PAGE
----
Philadelphia Eagles: 2014 season review (part 3)

It’s no secret that the Eagles’ defense hasn’t been feared since the passing of former Defensive Coordinator Jim Johnson. He was one of the best at the job in the league and he has been severely missed. The Eagles have gone through a bunch of different guys, many of whom have stayed for a couple years and then moved on. Surprisingly though, two of them, Sean McDermott and Todd Bowles, have found incredible success as defensive coordinators in Carolina and Arizona respectively. So what has been wrong with the defense? Mainly it’s been the secondary, and this year was yet another example of that.

It was hard to tell sometimes, but the Eagles’ front seven was one of the best in the league. It only took a couple years for Billy Davis to convert this defense from a 4-3 to a 3-4 and have it work. Strangely enough, it was the only thing that didn’t really change, the secondary, that continued to struggle. Most of the blame goes on the lack of talent at safety and cornerback, but some of it goes on the coaching staff for not making a change when it was necessary.

Overall, the Eagles defense finished 28th in the league in yards allowed per game (375.6), which is over 6,000 yards on the entire season. Unsurprisingly, they finished 31st in the league in passing yards allowed per game with 264.5. But, they finished in a much more respectable 15th place in rush yards allowed per game (110.7). They were also tied for 22nd in points allowed per game with 25.0.

But, starting along the defensive line, they did a very solid job stopping the run. It was led by Pro Bowl alternate DT Fletcher Cox, who had the best season of his career thus far with 61 tackles, four sacks and three fumble recoveries. Many thought he should’ve deserved a real Pro Bowl honor, but there were too many great defensive tackles this season for him to squeeze in. NT Bennie Logan and DT Cedric Thornton also had solid seasons on the front line, accumulating 57 and 52 tackles respectively. They only combined for one sack though (Thornton), which will definitely need to improve in the future, but all three starting defensive linemen are young.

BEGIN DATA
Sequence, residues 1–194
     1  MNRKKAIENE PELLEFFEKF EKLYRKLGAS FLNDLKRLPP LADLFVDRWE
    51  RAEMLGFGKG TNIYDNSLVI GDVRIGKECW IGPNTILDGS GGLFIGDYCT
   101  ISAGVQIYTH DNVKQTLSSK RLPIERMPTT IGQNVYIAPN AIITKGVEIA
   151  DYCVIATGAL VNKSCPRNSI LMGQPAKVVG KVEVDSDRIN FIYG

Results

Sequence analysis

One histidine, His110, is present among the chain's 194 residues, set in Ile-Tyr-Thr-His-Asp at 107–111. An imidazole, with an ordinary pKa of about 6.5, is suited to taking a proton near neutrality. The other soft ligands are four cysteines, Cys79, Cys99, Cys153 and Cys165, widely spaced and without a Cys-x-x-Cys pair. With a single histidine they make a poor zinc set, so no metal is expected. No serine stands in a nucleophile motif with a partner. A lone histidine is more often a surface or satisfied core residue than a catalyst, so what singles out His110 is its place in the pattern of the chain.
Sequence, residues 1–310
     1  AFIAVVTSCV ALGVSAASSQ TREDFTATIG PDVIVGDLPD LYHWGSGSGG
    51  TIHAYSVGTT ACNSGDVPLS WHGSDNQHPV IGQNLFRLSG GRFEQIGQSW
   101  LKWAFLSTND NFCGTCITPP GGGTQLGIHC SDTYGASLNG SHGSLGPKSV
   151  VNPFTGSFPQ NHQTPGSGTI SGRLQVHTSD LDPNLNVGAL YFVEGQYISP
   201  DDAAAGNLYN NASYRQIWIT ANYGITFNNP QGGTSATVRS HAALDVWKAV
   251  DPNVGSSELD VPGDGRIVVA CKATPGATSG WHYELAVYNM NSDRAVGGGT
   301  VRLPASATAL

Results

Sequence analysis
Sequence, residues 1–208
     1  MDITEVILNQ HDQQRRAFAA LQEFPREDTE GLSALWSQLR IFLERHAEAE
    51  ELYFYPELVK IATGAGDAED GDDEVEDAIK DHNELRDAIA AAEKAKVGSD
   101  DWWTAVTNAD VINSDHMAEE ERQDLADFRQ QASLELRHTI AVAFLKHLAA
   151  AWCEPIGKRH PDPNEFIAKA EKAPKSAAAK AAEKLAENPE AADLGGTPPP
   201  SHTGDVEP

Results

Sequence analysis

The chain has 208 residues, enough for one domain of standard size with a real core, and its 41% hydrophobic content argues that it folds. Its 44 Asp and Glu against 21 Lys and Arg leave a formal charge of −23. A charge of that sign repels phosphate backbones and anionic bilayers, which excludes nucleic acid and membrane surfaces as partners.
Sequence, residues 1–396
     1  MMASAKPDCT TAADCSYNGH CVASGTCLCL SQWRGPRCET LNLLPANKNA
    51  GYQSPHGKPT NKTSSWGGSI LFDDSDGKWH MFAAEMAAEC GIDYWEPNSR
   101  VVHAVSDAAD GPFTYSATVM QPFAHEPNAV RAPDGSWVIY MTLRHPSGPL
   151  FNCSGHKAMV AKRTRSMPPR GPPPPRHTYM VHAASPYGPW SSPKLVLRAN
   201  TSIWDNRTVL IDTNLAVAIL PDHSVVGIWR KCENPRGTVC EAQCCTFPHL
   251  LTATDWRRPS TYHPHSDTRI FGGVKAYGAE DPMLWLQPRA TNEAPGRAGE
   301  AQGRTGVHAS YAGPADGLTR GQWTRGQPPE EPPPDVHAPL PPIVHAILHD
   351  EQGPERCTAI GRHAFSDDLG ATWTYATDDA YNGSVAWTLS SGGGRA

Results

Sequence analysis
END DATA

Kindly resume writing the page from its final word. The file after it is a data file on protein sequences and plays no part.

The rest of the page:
The Eagles have always liked to have a lot of depth at the defensive line and it helped this year once again. It would be unfair to talk about the defensive line and not mention Vinny Curry, who’s arguably their best defensive lineman. He is an excellent pass rusher and totaled an astounding nine sacks on the year, better than all of the starting defensive linemen combined. The sack total was good for 20th in the league, which is amazing considering his backup status and limited snaps. I could see him becoming a starter going forward if he can prove to stop the run as well.